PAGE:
The guest list for your wedding is like assembling the ultimate party crew to celebrate the start of your marriage journey – a pretty monumental task, right? As the guest count grows, you're faced with logistical considerations such as venue capacity and personal preferences. One question emerges: Should everyone get a plus one? It's a tricky topic, but fear not – we're here to help you navigate this delicate situation.
Our goal is to ensure your guests have a blast and can bring someone to share in the festivities. However, it's worth noting that each additional guest can lead to significant costs, from food and drinks to décor and rentals. While you want to create cherished memories, it's equally important to be surrounded by your loved ones. That's why we've created a guide for plus ones!
Photo by Epic Vision Studios
Who gets a plus one? Here are some suggestions:
Married Guests: Offering a plus one to married guests acknowledges their committed status and shows respect for their union.
Engaged or Cohabitating Couples: Couples who are engaged or live together are clearly dedicated to one another.
In Serious Relationships: For guests in a relationship of at least six months, regardless of engagement or their living situation, you should consider a plus one. While this can be a subjective call, remember that not extending one might lead to disappointment.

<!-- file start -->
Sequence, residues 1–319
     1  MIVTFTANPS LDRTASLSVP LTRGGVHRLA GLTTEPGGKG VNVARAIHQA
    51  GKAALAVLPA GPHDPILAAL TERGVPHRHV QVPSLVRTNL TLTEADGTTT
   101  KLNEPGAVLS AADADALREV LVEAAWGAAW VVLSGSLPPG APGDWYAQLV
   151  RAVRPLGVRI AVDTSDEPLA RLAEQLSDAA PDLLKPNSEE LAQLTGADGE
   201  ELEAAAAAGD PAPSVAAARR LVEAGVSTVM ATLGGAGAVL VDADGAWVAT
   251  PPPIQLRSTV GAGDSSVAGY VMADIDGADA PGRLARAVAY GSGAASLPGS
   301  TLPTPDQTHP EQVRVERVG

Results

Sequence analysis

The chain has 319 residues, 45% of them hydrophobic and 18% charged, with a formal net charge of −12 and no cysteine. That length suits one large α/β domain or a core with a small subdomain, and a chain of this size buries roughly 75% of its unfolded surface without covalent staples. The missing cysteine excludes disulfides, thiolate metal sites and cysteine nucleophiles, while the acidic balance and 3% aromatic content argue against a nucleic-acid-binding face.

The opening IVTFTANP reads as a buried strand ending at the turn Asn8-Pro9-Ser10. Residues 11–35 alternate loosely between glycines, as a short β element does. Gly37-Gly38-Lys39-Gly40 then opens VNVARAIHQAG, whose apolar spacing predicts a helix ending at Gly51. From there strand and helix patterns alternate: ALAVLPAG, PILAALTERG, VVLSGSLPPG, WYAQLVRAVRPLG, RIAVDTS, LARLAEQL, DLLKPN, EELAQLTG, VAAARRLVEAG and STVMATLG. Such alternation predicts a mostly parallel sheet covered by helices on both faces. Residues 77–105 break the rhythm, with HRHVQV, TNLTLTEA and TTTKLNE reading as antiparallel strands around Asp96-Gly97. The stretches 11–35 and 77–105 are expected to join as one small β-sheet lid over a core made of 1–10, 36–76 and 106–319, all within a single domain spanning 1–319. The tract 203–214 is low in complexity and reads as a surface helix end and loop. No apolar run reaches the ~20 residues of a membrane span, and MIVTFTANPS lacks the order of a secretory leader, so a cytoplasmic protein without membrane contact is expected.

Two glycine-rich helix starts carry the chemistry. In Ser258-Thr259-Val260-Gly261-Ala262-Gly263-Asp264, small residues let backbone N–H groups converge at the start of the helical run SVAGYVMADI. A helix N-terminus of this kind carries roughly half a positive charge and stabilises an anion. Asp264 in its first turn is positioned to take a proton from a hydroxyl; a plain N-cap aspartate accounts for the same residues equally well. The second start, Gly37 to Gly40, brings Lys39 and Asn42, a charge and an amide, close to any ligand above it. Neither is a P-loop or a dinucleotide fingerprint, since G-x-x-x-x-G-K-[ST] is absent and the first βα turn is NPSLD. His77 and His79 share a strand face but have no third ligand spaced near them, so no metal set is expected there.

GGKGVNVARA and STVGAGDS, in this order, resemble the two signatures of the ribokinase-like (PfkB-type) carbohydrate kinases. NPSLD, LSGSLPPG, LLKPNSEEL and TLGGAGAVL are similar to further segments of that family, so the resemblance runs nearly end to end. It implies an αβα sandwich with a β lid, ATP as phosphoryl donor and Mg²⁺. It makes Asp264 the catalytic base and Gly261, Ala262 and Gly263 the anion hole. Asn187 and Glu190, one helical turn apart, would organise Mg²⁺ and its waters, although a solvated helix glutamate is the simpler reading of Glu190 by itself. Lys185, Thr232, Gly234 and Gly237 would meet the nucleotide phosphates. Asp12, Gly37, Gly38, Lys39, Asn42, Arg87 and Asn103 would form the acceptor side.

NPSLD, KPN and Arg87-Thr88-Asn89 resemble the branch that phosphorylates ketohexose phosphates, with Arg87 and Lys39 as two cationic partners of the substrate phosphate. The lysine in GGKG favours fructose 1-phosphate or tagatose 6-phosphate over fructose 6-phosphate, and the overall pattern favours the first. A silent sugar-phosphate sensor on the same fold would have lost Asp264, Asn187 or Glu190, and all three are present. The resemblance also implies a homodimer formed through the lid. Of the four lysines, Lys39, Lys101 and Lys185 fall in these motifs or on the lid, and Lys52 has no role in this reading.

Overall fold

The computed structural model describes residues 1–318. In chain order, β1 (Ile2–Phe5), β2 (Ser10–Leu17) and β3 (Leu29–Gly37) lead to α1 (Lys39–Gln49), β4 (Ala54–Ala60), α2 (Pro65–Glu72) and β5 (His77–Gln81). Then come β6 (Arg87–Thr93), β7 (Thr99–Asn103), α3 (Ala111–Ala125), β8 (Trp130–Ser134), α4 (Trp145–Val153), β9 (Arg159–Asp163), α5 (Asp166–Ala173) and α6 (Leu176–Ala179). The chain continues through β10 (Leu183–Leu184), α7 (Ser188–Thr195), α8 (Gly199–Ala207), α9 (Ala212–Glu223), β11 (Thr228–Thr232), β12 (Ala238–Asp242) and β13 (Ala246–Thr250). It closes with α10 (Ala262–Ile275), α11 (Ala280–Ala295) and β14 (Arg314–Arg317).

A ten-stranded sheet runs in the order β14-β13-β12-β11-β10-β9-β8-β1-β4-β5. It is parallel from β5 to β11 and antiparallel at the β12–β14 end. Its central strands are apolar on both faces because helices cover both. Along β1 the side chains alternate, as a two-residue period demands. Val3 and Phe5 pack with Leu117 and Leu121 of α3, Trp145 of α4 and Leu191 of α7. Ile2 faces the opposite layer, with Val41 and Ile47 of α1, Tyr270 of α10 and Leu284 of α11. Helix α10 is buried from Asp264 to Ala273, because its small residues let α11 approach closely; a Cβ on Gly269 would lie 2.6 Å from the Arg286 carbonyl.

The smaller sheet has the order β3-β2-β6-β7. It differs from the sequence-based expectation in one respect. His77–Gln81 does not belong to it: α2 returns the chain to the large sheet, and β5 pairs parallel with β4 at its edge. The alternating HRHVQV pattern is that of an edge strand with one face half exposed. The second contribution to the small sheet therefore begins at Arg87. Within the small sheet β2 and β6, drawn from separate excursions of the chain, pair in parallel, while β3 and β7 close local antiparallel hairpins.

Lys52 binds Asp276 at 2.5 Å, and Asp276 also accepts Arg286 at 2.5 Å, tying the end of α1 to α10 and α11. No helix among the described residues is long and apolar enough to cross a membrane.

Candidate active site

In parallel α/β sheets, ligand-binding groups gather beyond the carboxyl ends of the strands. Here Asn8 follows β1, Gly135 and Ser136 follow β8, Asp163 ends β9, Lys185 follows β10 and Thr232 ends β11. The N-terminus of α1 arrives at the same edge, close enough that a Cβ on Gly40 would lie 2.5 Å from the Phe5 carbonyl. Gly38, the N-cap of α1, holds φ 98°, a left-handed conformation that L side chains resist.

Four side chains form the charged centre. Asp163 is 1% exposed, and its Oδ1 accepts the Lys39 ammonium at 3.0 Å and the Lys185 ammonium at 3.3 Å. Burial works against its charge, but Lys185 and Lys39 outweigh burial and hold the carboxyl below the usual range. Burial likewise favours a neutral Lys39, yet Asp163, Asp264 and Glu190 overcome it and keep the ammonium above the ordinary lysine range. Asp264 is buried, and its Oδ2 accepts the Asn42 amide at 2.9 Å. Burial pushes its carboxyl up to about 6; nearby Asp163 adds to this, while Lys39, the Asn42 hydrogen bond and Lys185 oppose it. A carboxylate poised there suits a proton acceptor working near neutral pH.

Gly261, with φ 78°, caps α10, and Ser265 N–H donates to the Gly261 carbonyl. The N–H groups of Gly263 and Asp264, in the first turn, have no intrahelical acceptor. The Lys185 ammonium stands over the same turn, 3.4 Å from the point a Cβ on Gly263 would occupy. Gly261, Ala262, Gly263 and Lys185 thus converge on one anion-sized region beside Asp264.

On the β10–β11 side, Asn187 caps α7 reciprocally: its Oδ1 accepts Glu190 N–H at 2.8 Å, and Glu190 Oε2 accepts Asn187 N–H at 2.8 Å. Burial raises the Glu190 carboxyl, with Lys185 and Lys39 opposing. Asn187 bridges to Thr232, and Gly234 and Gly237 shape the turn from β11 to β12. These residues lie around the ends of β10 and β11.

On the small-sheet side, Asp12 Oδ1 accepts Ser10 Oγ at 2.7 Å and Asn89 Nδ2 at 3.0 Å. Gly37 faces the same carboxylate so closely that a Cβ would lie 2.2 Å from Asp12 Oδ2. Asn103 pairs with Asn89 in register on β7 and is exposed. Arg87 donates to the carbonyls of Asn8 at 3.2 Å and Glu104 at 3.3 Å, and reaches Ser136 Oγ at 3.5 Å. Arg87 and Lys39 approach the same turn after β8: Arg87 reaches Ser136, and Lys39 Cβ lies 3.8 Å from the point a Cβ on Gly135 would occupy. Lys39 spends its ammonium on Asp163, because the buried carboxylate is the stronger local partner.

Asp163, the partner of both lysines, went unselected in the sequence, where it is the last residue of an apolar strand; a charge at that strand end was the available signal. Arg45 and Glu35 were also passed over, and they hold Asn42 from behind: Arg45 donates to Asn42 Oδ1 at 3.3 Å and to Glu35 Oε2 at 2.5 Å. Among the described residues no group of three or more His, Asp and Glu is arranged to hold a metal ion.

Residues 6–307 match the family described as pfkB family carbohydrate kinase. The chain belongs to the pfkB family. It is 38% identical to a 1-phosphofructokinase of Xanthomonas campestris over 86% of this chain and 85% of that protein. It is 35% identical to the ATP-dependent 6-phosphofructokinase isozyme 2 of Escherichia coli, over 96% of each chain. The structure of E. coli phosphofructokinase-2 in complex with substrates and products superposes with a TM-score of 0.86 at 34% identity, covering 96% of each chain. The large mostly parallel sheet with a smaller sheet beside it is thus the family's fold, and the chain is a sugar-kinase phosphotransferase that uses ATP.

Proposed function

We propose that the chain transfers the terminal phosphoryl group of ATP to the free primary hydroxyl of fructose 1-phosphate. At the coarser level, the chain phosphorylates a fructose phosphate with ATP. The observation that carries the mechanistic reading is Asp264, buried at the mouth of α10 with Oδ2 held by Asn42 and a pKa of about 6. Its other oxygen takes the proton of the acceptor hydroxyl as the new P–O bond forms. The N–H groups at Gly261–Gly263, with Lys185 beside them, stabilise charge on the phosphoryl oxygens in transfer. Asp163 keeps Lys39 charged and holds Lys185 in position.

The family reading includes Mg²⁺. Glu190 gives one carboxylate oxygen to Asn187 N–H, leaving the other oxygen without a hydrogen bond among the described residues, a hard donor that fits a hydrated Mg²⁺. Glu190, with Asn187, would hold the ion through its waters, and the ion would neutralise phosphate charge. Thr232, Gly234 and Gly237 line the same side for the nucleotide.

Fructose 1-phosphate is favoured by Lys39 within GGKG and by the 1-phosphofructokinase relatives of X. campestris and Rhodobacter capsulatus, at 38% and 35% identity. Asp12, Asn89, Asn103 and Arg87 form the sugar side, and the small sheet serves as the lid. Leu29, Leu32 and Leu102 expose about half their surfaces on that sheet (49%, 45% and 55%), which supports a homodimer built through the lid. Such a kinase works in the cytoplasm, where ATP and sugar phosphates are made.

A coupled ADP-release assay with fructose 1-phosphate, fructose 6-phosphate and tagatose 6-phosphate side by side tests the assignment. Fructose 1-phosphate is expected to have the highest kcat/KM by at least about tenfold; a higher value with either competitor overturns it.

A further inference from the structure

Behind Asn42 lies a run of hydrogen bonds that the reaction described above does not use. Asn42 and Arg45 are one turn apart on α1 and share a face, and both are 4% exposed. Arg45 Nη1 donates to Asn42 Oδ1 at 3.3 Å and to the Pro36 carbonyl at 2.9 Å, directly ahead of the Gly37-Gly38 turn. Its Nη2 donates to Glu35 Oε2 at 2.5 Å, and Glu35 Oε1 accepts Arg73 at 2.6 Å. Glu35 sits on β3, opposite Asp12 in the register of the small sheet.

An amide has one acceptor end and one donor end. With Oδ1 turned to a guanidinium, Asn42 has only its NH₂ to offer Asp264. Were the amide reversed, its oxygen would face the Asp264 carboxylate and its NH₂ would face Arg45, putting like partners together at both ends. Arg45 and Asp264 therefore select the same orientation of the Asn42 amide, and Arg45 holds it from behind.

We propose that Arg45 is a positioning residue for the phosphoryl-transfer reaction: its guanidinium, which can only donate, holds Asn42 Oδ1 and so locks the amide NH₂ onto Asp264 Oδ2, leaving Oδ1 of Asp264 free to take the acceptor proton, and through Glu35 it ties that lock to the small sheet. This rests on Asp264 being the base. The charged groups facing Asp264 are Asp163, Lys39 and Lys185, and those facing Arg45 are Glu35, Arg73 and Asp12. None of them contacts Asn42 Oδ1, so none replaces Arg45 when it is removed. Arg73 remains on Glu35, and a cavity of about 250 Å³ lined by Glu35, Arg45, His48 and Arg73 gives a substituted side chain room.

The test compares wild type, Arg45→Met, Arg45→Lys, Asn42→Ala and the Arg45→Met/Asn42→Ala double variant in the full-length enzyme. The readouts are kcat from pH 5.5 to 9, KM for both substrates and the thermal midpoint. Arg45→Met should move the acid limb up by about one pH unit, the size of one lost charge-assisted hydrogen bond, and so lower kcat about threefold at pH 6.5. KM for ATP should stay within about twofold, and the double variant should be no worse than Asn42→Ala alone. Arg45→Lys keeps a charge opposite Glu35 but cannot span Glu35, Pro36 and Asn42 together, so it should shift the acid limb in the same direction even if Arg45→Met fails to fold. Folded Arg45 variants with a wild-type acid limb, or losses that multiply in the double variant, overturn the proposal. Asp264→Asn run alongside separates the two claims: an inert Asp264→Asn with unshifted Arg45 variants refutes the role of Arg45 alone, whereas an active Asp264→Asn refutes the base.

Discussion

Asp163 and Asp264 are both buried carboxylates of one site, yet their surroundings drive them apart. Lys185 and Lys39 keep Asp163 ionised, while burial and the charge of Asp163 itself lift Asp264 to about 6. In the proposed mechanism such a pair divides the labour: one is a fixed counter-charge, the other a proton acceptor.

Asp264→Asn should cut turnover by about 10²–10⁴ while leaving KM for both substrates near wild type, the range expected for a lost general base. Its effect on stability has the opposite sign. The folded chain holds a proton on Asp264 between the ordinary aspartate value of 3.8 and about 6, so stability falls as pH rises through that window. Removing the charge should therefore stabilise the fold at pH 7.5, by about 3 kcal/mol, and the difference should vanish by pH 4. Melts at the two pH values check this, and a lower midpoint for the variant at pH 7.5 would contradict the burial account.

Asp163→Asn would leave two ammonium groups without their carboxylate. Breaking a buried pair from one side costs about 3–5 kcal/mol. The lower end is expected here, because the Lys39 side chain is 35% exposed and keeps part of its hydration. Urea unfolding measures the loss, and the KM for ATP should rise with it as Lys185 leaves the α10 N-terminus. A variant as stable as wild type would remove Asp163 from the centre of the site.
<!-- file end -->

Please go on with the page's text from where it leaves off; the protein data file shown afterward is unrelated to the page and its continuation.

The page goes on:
Unacquainted Attendees: If a guest doesn't know anyone else at the wedding, extending a plus one is a considerate gesture. It boosts attendance rates and ensures their comfort throughout the event.
Photos by Epic Vision Studios
Who can go solo? Here are some suggestions:
Casual Daters: Guests who are casually dating typically don't require a plus one. An invitation to a wedding is an honor, and it is unsure if their plus one will be in their life long term.
Social Singles: If a guest is single but knows other attendees, they'll likely thrive without a plus one. With familiar faces around, they can still enjoy the celebration.
Colleagues: Navigating plus ones for coworkers is nuanced. Per traditional etiquette, it's often unnecessary to invite plus ones for colleagues, especially if you're not familiar with their partners or if they're attending as part of a work group.
Acquaintances and Distant Relatives: Extending plus ones to those you aren't well-acquainted with or distant relatives isn't obligatory. Their plus ones may find it challenging to connect with others at the wedding, and it can be difficult to accommodate additional guests if you have limited space.
Photos by Epic Vision Studios
Ultimately, it's your wedding, and you hold the reins on guest list choices and plus ones. Balancing the inclusion of plus ones can be intricate. Strive to make your guests feel valued and involved, while also following proper etiquette. The guidelines we've provided are only suggestions, but remember go with what aligns with your comfort on your special day!
If you're intrigued by the idea of collaborating with professional planners who can handle these considerations and provide comprehensive etiquette advice from start to finish, don't hesitate to get in touch with us. Reach out today to arrange a complimentary consultation!